In bad company
We hear that our reports on drug testing in county schools blew the lid on a potential buyer for the old Sykes building. We also hear that some employees at the Super 8 might have also been the reason why we lost the chance at 300 more jobs in the county.
What we're hearing is confusing.
The problem in attracting business at this point has little to do with ink or loose lips. It might seem that way, but the reality is that we do have a drug problem, and if potential buyers didn't learn it on the tour, then they would have learned it through an even harder lesson once they signed the lease.
We understand the urge to keep our skeletons in the closet and try to improve the community, but at what cost.
The healthcare company that was looking to Hazard for a location would have very quickly learned that we had an issue here with drugs. They would have also learned that it was not exclusive to Perry County alone. Neighboring counties are dealing with these same issues.
Again, we understand that the loss of this kind of potential is frustrating. We share in that frustration. But to blame one another is counterproductive and useless.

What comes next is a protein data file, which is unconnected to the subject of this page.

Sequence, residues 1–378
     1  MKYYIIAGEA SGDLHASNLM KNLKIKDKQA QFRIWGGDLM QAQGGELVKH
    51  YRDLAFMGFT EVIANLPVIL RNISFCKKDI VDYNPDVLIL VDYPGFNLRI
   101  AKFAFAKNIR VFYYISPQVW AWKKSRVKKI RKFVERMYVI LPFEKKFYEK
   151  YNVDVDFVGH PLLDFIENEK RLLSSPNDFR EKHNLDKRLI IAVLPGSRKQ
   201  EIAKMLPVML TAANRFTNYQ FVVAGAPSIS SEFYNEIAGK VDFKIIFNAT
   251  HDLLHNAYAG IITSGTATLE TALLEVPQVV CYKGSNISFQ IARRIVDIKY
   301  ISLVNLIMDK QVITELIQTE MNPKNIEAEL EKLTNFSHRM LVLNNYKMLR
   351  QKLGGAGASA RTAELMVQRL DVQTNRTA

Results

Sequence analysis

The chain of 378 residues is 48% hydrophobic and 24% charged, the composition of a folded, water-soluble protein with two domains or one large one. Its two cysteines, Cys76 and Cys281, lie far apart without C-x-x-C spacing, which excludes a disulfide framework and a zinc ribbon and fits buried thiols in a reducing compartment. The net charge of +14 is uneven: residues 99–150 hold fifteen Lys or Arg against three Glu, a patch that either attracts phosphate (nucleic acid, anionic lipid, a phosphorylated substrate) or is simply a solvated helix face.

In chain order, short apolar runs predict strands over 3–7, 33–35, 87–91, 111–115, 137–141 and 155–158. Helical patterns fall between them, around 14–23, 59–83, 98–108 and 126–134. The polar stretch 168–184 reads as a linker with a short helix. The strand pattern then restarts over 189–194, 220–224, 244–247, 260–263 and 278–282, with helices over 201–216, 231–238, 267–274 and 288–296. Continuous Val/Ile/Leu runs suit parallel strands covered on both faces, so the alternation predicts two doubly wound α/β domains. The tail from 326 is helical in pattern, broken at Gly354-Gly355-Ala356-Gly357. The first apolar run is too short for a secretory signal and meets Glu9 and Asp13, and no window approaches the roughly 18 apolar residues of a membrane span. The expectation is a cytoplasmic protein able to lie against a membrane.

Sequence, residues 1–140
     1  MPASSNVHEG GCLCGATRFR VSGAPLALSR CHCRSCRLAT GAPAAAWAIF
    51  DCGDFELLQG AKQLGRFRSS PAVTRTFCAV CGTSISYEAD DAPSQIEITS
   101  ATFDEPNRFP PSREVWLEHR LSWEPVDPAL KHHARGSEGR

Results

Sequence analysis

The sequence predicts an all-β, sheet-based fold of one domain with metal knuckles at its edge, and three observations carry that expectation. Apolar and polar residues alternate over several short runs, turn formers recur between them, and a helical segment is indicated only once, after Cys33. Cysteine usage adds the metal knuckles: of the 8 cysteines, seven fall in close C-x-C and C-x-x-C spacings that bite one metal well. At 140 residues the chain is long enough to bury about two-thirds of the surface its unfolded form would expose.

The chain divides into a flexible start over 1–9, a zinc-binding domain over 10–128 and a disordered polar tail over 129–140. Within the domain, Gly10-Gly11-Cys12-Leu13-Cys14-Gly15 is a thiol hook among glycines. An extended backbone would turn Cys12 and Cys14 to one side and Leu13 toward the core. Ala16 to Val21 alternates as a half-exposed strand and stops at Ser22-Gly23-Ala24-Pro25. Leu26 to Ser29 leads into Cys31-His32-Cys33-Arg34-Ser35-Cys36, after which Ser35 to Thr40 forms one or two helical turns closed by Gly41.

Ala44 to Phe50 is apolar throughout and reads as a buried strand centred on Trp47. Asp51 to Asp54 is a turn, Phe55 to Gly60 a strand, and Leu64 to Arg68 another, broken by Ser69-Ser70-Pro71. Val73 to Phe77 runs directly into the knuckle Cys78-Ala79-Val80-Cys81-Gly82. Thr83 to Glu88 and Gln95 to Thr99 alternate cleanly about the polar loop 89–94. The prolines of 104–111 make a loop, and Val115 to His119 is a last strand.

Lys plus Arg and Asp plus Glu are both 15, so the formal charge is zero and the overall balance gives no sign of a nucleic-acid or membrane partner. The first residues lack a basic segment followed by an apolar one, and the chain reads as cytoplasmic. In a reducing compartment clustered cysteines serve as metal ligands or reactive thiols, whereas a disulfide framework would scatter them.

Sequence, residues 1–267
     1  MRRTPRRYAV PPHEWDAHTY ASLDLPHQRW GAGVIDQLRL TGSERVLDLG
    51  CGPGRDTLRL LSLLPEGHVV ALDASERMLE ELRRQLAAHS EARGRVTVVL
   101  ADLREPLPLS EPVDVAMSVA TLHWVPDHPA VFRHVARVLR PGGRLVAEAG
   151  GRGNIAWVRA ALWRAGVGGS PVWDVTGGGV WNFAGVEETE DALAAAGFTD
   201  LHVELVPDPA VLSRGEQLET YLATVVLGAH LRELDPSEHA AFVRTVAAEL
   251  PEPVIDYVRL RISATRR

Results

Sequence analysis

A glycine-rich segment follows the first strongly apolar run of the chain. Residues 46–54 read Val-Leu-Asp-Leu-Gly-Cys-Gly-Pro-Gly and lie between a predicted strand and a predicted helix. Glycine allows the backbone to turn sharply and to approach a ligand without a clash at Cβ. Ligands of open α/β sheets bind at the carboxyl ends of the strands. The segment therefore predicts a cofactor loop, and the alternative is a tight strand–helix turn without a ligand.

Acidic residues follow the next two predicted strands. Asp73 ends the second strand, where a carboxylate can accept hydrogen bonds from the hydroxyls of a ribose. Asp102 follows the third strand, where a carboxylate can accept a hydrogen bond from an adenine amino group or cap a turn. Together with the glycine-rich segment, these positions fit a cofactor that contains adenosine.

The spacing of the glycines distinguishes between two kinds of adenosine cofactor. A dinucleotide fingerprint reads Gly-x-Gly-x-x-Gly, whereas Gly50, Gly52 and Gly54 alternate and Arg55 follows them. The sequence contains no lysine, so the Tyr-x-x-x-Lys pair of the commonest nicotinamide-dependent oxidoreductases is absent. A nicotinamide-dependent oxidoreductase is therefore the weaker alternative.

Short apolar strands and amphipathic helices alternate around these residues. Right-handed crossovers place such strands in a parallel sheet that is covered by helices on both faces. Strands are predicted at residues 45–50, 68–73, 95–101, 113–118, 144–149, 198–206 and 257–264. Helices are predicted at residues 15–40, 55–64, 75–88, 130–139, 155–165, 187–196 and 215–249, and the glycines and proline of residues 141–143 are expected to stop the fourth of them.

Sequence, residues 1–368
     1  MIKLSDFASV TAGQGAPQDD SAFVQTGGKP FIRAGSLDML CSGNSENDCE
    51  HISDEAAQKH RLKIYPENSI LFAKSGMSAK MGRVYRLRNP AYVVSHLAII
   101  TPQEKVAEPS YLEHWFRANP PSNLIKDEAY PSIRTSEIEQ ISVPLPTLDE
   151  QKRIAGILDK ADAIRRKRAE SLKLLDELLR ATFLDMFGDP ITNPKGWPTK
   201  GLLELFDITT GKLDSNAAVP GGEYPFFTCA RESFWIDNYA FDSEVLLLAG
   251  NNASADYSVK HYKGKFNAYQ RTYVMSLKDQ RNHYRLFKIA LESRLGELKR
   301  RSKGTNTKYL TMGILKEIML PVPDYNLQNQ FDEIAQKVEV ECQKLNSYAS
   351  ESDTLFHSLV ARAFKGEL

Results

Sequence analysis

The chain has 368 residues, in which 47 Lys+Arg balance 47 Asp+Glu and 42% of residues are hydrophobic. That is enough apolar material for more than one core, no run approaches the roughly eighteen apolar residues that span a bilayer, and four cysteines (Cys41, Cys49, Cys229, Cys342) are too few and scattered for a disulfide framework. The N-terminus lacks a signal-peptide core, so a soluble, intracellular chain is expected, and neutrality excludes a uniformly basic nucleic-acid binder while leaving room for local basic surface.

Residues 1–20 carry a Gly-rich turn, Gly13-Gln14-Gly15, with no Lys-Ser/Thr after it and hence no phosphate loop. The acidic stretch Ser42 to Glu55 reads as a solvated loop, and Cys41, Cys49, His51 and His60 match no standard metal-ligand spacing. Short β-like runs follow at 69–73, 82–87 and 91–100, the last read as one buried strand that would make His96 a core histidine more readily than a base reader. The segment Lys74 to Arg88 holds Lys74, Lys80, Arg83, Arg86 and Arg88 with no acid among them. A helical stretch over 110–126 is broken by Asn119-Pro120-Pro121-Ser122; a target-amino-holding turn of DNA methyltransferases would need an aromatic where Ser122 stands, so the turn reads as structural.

It's the job of any good news agency to report anything that might be of interest to the public in a timely and organized manner. And it's the job of the city and county to try to improve the area by courting potential businesses and jobs. Sometimes those things cross one another, but it makes neither the local government or the local media any more responsible than the other.
What we must face is that this area does have an albatross dangling in plain view about its neck. We can only work to improve that situation. Drug testing in the schools is one step in that direction, and it was a move that was significant to everyone involved, and thus important to learn about.
The idea of 300 jobs leaving this area before they ever got started is startling, regardless the reason. But to know the reason was apparently because of our struggle with drugs should prompt us not to turn our backs on one another, but to work together even harder to find a way to improve that situation.
And on this end, if that means putting out the good word that steps are being taken to do just that, we'll always be there, pen in hand. It's regrettable if our doing that caused red flags to go up for a visiting company, but everyone has to do their part in this. We'd love to see the day there's nothing drug-related to report on, but that day is not today. Until then, let's just try to stick together and realize that no one is trying to do anything other than improve the quality of life for everyone touched by this problem.